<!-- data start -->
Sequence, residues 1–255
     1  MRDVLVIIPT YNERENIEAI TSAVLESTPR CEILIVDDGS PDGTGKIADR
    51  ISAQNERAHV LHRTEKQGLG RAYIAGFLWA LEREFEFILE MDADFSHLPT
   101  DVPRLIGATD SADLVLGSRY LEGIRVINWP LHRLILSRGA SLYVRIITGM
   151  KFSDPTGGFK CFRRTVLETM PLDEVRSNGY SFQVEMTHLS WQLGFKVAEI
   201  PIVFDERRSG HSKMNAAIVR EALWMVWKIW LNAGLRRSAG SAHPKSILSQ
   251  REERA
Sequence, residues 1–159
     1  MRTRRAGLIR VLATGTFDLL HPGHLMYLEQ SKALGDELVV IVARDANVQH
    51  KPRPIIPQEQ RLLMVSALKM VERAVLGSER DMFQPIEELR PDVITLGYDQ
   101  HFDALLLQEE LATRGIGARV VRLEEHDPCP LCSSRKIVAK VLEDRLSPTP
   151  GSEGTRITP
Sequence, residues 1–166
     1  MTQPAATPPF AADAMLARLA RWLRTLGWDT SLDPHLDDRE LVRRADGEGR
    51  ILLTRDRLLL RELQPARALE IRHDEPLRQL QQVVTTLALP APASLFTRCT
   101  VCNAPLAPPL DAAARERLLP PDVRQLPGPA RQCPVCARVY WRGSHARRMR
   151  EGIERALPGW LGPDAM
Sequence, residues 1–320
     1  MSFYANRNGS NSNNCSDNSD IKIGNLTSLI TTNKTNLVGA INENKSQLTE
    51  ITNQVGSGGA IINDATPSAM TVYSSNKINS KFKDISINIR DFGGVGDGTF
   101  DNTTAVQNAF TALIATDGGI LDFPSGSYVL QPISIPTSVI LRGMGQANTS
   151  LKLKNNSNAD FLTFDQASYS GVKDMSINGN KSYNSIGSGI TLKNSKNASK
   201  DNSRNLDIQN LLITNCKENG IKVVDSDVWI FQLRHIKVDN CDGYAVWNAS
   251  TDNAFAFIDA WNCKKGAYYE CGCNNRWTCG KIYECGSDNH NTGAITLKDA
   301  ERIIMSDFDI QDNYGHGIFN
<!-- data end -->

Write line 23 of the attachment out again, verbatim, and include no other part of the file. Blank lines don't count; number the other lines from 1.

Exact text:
   201  DNSRNLDIQN LLITNCKENG IKVVDSDVWI FQLRHIKVDN CDGYAVWNAS